Based in Paris, Criteo is a global technology company that enables ecommerce and transactional companies to mine large volumes of data to engage efficiently and effectively with their customers. The company buys ads from publishers on a costs per thousand impressions (CPM) basis and sells ads on a cost-per-click basis.
Nasdaq-listed Criteo’s proprietary technology allows advertisers and publishers to target the right ads using predictive algorithms to determine the likelihood an ad will get clicked on.
Criteo is a global business, with more than 9000 clients and direct relationships with over 12,000 publishers such as Yahoo! Japan, Microsoft, ESPN and NYTimes.com as well as exchanges including Facebook, Yahoo, Google, Baidu and Alibaba.
Criteo’s geographic spread
Criteo was founded in Paris, France in 2005 by Jean-Baptiste Rudelle, Franck Le Ouay and Romain Niccoli. Criteo spent the first four years focused on research and development, and launched its first product in April 2008. In 2010, Criteo opened an office in Silicon Valley in order to enhance its profile in the US.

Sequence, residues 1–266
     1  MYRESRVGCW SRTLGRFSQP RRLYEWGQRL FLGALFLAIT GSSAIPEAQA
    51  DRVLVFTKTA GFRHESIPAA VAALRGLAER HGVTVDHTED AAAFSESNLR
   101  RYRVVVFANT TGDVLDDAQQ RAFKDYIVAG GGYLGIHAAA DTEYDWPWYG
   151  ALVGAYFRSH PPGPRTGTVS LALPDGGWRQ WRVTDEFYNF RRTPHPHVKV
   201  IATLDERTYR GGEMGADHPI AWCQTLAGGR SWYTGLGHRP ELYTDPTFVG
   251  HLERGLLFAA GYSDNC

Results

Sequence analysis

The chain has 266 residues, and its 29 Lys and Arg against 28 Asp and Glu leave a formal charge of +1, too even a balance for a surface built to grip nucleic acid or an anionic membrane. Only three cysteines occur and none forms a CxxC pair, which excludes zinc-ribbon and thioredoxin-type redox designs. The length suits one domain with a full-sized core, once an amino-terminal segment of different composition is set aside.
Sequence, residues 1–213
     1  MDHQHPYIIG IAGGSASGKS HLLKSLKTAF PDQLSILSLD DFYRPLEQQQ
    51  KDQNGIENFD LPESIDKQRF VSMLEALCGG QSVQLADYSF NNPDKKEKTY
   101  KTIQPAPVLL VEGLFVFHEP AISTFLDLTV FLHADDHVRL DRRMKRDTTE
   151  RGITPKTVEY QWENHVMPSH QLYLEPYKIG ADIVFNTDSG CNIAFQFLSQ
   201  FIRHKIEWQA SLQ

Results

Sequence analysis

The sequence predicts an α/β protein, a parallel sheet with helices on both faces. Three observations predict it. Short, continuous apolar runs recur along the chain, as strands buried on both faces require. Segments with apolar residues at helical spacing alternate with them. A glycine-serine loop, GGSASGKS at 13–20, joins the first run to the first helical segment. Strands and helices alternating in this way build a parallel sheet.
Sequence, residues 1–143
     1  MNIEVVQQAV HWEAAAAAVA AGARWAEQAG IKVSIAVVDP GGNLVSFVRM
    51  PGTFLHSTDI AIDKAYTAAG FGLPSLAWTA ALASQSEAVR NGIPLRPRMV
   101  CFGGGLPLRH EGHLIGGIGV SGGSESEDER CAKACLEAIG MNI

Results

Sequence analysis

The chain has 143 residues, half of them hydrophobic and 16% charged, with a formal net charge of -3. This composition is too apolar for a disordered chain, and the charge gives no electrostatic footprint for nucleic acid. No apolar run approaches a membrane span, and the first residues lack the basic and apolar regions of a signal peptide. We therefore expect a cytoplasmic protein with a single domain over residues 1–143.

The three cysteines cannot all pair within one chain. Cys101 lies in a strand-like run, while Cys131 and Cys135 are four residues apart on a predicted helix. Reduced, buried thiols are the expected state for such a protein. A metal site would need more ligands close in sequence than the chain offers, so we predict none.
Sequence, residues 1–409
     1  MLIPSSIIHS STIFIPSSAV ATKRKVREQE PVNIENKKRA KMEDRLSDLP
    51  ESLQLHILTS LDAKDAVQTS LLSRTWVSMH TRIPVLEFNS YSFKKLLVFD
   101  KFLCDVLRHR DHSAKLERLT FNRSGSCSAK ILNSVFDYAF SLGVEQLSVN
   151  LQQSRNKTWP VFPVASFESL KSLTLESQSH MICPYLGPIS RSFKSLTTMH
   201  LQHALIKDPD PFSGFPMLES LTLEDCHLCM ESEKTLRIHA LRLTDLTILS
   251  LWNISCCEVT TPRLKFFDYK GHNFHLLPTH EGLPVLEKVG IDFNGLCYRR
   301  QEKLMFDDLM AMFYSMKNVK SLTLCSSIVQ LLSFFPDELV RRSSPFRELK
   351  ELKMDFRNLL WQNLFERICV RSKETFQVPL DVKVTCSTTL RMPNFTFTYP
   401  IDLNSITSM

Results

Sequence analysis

In 2012, Criteo opened its new headquarters in Paris, France establishing one of the biggest European R&D centres dedicated to predictive advertising. The centre will continue to provide central support to more than 86 national markets worldwide, on five continents – North America, Europe, Asia, South America and Australia.
In September 2013, the firm filed for an IPO with US regulators.
Criteo is a pure play on the trend in the internet advertising industry towards performance-based display ads or programmatic advertising. Advertisers obviously want to understand the effectiveness of their ads – what works and what doesn’t. As traditional display ads move toward programmatic buying and bidding in real-time, Criteo stands to benefit due to its many competitive advantages and innovative technology.
Criteo is becoming the emerging leader in data-driven marketing and so far has the best position in the display advertising market. There are also future opportunities to expand into new verticals (such as auto, telecom, and finance) and geographic regions such as Japan and China.
There is clearly an ongoing shift towards programmatic ad buying – whereby ads are placed using certain predictive algorithms. The industry is also continuing to move towards purchasing media at the impressions level. The shift away from broad audience ads towards real-time content targeting is occurring at a rapid pace.
Some commentators believe that the global programmatic buying of display ads is should more than triple over the next four years to over $US36 billion.